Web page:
[FOM] Category and Measure

joeshipman@aol.com joeshipman at aol.com
Tue Sep 18 11:26:10 EDT 2007

-----Original Message-----
From: Lasse Rempe <L.Rempe at liverpool.ac.uk>

Famous examples come up in the "center problem". E.g., consider a
polynomial of the form

f(z) = lambda*z + a_2 z^2 + ... + a_n z^n

with lambda = exp(i*theta) on the unit circle. The question is whether
the fixed point 0 is a "center"; i.e., whether f, near 0, is conjugate
to the rotation

R(z) = lambda*z.

The answer is "yes" for almost every rotation number theta (due to
Siegel), but "no" for all but a meager set of thetas (due to Cremer).

Here is another example. Consider the function f(z) = exp(z). We study
the behavior of the iterates f^n(z) = f(f(...(f(z))...)).

A famous result of Misiurewicz (conjectured by Fatou) says that the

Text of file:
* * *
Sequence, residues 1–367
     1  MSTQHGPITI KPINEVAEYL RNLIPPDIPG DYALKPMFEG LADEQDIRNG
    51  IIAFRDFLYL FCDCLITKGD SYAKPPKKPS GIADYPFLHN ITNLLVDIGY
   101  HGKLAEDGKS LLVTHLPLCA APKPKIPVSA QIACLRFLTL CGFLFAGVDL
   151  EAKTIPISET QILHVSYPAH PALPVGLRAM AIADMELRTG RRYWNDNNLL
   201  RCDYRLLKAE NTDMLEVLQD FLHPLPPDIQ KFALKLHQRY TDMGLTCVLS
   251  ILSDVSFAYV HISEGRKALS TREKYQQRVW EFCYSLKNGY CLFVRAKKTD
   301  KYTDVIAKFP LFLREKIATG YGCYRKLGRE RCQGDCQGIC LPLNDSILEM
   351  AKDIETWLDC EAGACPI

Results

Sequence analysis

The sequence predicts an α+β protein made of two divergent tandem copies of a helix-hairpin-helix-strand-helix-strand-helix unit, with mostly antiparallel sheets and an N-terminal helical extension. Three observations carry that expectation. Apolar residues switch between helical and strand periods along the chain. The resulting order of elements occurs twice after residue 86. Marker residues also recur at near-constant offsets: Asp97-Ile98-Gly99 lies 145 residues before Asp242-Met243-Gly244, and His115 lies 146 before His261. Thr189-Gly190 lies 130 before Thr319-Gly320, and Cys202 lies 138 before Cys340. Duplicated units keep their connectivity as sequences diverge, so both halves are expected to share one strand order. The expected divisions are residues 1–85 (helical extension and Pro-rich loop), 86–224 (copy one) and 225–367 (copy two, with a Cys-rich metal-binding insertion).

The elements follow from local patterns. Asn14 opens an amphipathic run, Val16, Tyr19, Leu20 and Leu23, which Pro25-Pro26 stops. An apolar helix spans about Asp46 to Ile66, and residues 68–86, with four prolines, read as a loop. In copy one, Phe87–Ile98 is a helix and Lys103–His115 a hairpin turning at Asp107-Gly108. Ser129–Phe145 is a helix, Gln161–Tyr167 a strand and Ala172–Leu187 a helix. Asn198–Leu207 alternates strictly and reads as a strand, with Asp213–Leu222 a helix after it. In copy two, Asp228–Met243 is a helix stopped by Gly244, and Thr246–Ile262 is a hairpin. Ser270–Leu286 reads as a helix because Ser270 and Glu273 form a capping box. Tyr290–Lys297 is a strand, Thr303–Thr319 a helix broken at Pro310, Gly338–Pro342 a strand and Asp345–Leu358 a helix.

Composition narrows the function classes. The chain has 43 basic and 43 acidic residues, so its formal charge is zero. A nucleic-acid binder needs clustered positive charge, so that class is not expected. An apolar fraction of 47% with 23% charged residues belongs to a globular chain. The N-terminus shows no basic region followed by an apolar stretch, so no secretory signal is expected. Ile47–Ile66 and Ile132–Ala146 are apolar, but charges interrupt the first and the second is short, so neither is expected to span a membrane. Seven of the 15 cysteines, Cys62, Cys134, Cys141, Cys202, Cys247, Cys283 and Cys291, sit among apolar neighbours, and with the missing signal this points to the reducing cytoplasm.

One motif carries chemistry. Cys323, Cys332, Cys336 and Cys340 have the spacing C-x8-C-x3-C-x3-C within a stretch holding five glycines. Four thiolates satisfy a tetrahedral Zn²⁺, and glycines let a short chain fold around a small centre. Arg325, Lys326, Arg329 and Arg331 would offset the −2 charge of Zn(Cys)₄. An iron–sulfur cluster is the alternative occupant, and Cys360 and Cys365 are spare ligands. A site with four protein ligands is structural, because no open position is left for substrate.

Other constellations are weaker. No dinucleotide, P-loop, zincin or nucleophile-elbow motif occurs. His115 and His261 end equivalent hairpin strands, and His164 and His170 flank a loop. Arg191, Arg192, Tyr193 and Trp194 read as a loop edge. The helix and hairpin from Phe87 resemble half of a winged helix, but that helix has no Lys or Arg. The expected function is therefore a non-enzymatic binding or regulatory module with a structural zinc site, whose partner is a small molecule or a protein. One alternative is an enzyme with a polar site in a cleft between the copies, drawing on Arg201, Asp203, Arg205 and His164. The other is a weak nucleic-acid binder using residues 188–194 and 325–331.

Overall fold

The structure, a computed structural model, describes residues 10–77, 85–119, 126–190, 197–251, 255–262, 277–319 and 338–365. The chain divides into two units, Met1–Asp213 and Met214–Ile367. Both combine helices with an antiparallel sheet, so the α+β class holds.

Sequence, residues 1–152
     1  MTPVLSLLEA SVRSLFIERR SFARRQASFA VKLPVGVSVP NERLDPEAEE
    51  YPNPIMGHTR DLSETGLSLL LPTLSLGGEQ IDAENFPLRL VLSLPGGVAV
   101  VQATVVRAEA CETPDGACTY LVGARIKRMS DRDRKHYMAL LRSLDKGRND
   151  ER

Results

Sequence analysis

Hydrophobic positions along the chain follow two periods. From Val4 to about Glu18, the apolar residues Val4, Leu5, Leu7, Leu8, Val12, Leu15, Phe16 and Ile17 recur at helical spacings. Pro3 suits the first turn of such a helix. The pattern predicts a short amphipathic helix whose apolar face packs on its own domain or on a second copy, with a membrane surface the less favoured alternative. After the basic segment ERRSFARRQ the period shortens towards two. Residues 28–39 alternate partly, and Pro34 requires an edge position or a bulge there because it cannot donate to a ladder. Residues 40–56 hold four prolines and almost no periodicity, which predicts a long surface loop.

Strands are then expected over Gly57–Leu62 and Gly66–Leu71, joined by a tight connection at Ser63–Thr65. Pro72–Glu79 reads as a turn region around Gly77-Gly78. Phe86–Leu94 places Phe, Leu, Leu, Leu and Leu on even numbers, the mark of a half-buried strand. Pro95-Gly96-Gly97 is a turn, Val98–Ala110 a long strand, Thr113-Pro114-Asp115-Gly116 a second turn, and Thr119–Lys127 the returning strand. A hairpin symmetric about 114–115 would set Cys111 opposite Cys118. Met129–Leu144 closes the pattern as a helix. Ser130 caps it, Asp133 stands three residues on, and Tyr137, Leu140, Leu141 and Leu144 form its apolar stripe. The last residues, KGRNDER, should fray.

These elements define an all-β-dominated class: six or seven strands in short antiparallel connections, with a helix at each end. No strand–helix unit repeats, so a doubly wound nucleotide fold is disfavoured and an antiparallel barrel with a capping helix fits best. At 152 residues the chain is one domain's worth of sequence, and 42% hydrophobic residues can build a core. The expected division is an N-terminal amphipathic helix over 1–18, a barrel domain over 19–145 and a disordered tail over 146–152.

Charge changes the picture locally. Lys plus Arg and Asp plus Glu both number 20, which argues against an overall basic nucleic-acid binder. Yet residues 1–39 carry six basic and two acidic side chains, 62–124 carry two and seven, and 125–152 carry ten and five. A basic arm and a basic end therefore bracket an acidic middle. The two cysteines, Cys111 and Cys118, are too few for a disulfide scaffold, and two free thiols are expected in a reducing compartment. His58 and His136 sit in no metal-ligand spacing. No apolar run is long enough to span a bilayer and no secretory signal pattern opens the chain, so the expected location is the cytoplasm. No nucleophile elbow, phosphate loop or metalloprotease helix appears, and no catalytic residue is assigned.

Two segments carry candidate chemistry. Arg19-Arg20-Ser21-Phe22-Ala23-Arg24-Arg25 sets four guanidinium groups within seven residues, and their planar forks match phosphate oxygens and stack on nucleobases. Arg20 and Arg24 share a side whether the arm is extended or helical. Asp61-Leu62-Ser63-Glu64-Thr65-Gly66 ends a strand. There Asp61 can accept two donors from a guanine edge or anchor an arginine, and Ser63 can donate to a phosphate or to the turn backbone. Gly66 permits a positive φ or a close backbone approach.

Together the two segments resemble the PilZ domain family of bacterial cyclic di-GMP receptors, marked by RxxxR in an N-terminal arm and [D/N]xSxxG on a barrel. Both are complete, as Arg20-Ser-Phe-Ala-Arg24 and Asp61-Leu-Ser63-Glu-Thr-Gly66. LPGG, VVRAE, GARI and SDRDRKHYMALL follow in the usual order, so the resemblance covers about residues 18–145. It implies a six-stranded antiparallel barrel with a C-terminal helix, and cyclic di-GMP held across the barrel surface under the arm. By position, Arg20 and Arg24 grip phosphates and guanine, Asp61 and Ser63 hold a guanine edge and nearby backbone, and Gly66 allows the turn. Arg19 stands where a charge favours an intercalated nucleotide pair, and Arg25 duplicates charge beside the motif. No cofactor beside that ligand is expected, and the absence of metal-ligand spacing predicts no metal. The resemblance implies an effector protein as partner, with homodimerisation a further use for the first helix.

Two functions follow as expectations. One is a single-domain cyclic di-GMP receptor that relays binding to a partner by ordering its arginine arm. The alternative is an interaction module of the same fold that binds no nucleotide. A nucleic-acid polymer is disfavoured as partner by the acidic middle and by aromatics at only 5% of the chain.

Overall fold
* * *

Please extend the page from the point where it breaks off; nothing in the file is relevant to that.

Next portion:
Julia set of f is the entire plane, which means, in particular, that 
all but a meager set of points z the sequence f^n(z) is dense in the
plane. However, by a result of Lyubich and Rees, almost every orbit has
a very different behavior: it accumulates exactly on the sequence
0,1,e,e^e,e^e^e, ... .

These are both excellent examples -- they show that the question of 
whether a "typical" theta gives a center, or whether a "typical" orbit 
is dense, is essentially unanswerable, even when we completely 
understand the mathematical situation.

There is something very mysterious going on here, which leads me to 
suspect that one of the other of the two notions of "typical" (co-null 
or co-meager) is ultimately more fundamental and applicable in "real 
life" than the other. For my money, measure seems a more robust concept 
than category as far as applications to physics are concerned, but I'd 
be happy to hear an opposing view.

-- JS
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